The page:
Is the chocolate delicious and puts you in a festive mood and can you eat them not by the one, or by the dozen, but by the handful, such a vague and clumsy unit of measurement but you can't stop, you just keep putting them into your body until it will burst, a big hot clump of discarded wrappers next to you on the sofa, by your thigh, pressed into a sort of loose shapeless lump?
This one is what's known in the list biz as "self explanatory".


I feel like we are ready now to line up the Quality Streets and rank them. Worst to burst. Once and for all, remember. This one counts.


The Green Triangle is a shit chocolate and I've had enough of it. It has no place in the Quality Street yuletide celebration share-sized tub. It tastes like something between "extremely shitty supermarket rum" and "a nut". The praline is the consistency of sludge and the chocolate melts down to nothing when you bite it. Often I stay awake late at night and think: Who is it, who is eating The Green Triangle out of the Quality Street yuletide celebration tub? Who did they market research – saying things such as "I like The Green Triangle" and "Green Triangle? Good chocolate, imo" – before manufacturing chocolate bar-sized versions of it for general retail?

Essentially: whose bad idea was The Green Triangle, and why does it persist? Who is it for? I am convinced there is something going on with The Green Triangle. That it is only there to make up weight. That Nestle know people don't eat it but it's still there. Is it the cheapest to manufacture? Is The Green Triangle a tax dodge? Did John Quality-Street, the inventor of Quality Street, command its infinite inclusion on his deathbed? Why? Why, why, why? Why?


If you say the Milk Choc Block is your favourite Quality Street – to me, out loud, with your mouth – I will punch you in the face. 'Hmm,' you think. 'Yes: I would like a large, slightly-too-big-to-neatly-bite, stiff block of sub-adequate chocolate, thank you. Merry Christmas, me.' No.



I understand that some people like toffee, and for them may I recommend the Toffee Finger, because the Toffee Penny is an abomination: often squashed and melted then remelted again in its own wrapper, so it comes out all contorted and wrinkled and fucked up, plus the toffee itself is a slightly wrong consistency – one or two notches too chewy, not enough caramel élan – so essentially when you consent to eating a Toffee Penny you are basically just rendering your mouth dysfunctional for upwards of five minutes. Plus, you're going to need a toothpick afterwards to get it all out. Eating Christmas chocolates shouldn't be a chore. I shouldn't have to work so hard to enjoy you, Toffee Penny.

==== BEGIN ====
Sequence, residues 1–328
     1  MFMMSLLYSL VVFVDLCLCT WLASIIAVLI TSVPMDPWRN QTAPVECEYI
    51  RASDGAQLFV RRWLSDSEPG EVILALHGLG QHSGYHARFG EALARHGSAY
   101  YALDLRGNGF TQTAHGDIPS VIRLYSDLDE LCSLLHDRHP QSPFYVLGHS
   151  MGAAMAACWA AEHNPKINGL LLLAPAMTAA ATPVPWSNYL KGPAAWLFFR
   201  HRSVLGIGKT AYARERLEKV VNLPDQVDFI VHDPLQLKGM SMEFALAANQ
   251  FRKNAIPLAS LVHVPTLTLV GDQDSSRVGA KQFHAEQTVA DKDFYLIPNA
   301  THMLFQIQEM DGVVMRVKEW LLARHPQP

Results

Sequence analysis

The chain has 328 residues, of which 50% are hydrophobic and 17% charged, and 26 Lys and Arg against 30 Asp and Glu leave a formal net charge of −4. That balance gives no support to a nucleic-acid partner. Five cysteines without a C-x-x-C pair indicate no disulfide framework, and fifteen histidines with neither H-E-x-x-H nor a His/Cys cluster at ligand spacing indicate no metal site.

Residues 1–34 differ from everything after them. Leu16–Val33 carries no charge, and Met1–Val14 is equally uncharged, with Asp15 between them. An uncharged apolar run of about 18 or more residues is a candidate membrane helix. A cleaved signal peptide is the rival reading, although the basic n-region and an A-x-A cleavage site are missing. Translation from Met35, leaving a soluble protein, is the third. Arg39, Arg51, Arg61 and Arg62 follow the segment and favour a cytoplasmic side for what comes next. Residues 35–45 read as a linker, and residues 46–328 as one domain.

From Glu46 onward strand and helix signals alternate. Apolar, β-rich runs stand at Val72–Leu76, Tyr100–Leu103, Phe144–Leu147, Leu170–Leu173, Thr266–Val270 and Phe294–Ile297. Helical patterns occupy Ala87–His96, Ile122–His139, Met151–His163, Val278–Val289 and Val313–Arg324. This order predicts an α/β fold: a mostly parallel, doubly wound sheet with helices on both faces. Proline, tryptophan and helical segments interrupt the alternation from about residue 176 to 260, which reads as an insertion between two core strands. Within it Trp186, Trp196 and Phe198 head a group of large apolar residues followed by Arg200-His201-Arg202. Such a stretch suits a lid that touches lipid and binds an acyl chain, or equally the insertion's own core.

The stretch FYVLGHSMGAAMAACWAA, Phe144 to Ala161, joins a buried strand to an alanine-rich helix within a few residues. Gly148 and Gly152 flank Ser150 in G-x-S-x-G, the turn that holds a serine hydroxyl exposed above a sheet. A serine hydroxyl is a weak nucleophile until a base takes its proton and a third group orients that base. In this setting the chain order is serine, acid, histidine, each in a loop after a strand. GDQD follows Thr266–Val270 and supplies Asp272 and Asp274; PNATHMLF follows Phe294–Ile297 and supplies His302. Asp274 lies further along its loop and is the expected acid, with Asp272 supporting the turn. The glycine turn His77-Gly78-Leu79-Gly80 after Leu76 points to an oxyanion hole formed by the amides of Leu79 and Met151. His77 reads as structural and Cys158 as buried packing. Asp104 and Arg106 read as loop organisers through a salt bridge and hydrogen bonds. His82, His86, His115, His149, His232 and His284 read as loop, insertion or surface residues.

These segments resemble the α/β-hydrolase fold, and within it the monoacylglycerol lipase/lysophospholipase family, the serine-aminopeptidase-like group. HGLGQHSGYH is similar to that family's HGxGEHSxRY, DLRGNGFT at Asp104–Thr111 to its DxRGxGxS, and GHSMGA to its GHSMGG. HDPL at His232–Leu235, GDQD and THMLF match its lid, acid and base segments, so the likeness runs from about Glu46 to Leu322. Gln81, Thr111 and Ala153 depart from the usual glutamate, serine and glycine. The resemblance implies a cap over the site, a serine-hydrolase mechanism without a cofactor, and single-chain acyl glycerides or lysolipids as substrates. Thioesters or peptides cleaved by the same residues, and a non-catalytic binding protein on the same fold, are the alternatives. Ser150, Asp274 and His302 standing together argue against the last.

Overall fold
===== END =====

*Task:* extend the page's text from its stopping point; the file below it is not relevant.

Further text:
Fruit-centred chocolate is the work of the devil himself, and the Orange Creme is the worst of them all. "Oh," the Orange Creme says. "You like a Terry's Chocolate Orange, do you? What if it was that flavour, but intensified a thousand degrees, blended with a saccharine sugar creme and wrapped in dark shit chocolate that immediately collapses and goes all soft when you bite it?" How about: no! No thanks!


Anyone who chooses the Strawberry Delight from a full tub of Quality Street – i.e. when every other option is present and correct – is, sadly, a psychopath who needs to be locked away for their own safety and the safety of others. A real "27th of December"


The Honeycomb Crunch is the new Quality Street, and it is my sad duty to report that it is entirely anonymous and pointless. I just sat here and ate it. In silence. Alone. It didn't feel very Christmassy, eating a Quality Street, for content, in the middle of a quiet office. Just me, alone against the Quality Street. A mighty warrior in the face of content.